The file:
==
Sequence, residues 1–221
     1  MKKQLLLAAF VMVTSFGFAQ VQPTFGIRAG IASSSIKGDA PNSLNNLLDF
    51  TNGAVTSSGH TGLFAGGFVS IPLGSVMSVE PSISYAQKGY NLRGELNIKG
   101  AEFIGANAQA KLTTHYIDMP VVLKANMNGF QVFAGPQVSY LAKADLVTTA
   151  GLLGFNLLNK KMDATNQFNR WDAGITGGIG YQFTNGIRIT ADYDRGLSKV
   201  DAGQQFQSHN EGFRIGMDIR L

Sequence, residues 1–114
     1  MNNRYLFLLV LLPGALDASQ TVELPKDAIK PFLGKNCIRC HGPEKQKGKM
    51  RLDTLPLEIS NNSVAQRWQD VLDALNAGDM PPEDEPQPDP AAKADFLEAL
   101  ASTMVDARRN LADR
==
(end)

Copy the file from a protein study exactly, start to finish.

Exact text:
Sequence, residues 1–221
     1  MKKQLLLAAF VMVTSFGFAQ VQPTFGIRAG IASSSIKGDA PNSLNNLLDF
    51  TNGAVTSSGH TGLFAGGFVS IPLGSVMSVE PSISYAQKGY NLRGELNIKG
   101  AEFIGANAQA KLTTHYIDMP VVLKANMNGF QVFAGPQVSY LAKADLVTTA
   151  GLLGFNLLNK KMDATNQFNR WDAGITGGIG YQFTNGIRIT ADYDRGLSKV
   201  DAGQQFQSHN EGFRIGMDIR L

Sequence, residues 1–114
     1  MNNRYLFLLV LLPGALDASQ TVELPKDAIK PFLGKNCIRC HGPEKQKGKM
    51  RLDTLPLEIS NNSVAQRWQD VLDALNAGDM PPEDEPQPDP AAKADFLEAL
   101  ASTMVDARRN LADR